Fig. 1. A pharyngeal cooling cuff. Perfusate is initially supplied to the esophageal cuff (A  ) through the center lumen and subsequently fills the pharyngeal cuff (B  ) before being discharged through bilateral outlets. The bilateral outlets are connected to an outflow tube where pressure is continuously monitored. According to a pilot study, intracuff pressures at the esophageal cuff and pharyngeal cuff were 8 cm H2O and 6 cm H2O higher than the pressure monitored at the outlet tube, respectively. The intracuff pressure at the pharyngeal cuff was controlled to 50 cm H2O. The temperature of perfusate was monitored at the inlet tube and was controlled to 5°C. The cuff is made from vinyl chloride, has passed biologic safety tests, and tolerates up to 200 cm H2O of intracuff pressure.
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Fig. 2. Changes in core brain temperature (A  ), surface brain temperature (B  ), and rectal temperature (C  ) during cardiac arrest and resuscitation. Open  and filled circles  indicate the control and pharyngeal cooling groups, respectively. Pharyngeal cooling was initiated simultaneously with the onset of resuscitation. Pharyngeal cooling decreased core brain temperature and surface brain temperature without decreasing rectal temperature.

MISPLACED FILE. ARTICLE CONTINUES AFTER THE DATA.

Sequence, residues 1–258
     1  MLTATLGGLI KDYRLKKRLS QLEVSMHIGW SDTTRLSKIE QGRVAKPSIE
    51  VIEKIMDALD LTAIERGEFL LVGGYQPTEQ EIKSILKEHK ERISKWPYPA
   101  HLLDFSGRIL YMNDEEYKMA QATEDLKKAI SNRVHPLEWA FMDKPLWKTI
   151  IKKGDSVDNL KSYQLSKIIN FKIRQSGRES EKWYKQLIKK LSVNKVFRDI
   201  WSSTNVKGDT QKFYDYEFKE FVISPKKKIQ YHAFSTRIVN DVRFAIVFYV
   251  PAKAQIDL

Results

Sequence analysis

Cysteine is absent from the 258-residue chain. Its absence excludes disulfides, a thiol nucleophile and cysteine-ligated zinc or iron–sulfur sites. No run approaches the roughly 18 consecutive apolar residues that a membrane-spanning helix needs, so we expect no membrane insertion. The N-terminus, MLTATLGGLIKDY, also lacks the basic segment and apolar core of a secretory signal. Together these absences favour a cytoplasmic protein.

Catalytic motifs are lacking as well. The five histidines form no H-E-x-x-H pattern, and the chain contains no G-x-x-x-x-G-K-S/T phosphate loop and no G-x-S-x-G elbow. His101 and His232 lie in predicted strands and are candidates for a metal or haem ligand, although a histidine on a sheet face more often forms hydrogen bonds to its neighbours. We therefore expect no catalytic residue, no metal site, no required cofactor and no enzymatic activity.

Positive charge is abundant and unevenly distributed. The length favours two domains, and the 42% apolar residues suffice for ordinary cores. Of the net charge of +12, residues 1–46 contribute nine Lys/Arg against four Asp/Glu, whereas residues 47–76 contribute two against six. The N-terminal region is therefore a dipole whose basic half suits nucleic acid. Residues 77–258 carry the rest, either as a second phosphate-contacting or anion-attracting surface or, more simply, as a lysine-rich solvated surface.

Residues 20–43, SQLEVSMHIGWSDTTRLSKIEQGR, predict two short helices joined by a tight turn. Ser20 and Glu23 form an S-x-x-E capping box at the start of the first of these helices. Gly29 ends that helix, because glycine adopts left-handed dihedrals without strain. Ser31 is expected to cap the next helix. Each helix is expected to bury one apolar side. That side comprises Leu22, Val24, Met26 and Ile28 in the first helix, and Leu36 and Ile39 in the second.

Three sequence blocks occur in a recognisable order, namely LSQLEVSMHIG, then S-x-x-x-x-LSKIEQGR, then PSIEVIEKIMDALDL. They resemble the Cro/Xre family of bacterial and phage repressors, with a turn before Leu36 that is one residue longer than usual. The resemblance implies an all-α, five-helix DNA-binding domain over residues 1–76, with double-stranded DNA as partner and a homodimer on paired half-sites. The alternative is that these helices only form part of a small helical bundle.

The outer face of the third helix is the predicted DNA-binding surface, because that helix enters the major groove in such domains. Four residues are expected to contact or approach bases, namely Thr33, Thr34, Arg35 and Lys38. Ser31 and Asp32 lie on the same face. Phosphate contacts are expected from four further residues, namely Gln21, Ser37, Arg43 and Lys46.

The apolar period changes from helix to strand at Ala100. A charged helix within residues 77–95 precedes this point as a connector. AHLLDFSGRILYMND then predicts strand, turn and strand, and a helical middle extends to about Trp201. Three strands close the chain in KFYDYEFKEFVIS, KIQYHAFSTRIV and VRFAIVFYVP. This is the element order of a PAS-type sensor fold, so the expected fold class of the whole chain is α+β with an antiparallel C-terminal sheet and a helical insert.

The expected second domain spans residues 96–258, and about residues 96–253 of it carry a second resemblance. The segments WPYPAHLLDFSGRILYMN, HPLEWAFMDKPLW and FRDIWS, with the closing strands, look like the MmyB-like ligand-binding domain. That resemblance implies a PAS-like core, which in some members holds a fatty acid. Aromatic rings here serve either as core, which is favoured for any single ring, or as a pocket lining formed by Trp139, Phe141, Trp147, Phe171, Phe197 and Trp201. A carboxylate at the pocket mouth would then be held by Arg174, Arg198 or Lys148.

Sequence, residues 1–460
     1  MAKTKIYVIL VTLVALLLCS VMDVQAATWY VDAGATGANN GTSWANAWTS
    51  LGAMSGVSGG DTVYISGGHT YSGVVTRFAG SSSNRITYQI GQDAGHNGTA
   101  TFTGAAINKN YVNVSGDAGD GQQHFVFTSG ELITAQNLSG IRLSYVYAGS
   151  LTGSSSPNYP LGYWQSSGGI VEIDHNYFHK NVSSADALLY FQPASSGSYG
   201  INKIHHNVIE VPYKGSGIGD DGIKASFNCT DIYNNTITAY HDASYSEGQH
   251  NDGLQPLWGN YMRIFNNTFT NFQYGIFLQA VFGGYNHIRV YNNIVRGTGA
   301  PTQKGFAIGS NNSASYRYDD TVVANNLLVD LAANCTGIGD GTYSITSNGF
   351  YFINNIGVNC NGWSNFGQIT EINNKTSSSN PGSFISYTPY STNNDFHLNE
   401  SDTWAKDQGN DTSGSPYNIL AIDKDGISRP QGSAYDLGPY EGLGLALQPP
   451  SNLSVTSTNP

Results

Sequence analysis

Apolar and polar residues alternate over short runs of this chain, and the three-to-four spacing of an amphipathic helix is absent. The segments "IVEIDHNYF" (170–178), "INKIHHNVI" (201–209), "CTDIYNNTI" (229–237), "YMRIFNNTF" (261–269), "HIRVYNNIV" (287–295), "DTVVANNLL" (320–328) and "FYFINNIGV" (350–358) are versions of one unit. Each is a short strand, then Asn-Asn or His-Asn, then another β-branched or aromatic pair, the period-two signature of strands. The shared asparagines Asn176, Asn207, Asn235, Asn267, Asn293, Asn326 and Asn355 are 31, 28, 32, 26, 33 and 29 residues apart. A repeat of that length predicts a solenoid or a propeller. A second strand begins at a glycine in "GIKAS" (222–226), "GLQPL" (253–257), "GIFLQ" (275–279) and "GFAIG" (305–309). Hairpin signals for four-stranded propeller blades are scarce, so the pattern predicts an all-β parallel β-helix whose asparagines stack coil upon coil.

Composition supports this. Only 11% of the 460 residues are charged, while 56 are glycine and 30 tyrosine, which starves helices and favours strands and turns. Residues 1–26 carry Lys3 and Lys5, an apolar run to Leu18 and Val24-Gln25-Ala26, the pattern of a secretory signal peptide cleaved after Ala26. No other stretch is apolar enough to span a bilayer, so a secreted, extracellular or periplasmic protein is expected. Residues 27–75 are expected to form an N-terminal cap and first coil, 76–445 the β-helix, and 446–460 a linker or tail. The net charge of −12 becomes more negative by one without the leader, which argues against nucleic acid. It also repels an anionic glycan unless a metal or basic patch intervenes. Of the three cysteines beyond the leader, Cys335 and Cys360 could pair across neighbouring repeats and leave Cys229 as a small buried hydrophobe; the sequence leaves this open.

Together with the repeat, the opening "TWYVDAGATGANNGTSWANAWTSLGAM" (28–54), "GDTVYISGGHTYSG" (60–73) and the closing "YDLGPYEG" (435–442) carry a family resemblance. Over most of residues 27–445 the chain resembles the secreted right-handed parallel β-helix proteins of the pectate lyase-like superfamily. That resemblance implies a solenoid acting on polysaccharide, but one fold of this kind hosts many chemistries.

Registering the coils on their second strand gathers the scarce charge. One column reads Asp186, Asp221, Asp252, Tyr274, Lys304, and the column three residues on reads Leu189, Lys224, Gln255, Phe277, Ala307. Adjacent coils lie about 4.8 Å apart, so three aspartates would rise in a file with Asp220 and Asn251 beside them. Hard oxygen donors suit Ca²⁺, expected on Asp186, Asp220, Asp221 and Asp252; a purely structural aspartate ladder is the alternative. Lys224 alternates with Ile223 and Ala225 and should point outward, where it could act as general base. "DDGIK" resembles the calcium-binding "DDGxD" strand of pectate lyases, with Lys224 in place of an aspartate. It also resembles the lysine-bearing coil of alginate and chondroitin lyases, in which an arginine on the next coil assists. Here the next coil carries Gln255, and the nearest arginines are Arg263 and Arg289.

Fig. 2. Changes in core brain temperature (A 
	), surface brain temperature (B 
	), and rectal temperature (C 
	) during cardiac arrest and resuscitation. Open 
	and filled circles 
	indicate the control and pharyngeal cooling groups, respectively. Pharyngeal cooling was initiated simultaneously with the onset of resuscitation. Pharyngeal cooling decreased core brain temperature and surface brain temperature without decreasing rectal temperature.
Fig. 2. Changes in core brain temperature (A  ), surface brain temperature (B  ), and rectal temperature (C  ) during cardiac arrest and resuscitation. Open  and filled circles  indicate the control and pharyngeal cooling groups, respectively. Pharyngeal cooling was initiated simultaneously with the onset of resuscitation. Pharyngeal cooling decreased core brain temperature and surface brain temperature without decreasing rectal temperature.
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Fig. 3. Changes in core brain temperature (blue circles  ) and mean arterial blood pressure (red squares  ). (A  ) An animal in which core brain temperature was maximally decreased showed moderately low mean arterial blood pressure (40–50 mmHg) during the observation period. (B  ) An animal in which core brain temperature was minimally decreased showed high mean arterial blood pressure during the observation period.
Fig. 3. Changes in core brain temperature (blue circles 
	) and mean arterial blood pressure (red squares 
	). (A 
	) An animal in which core brain temperature was maximally decreased showed moderately low mean arterial blood pressure (40–50 mmHg) during the observation period. (B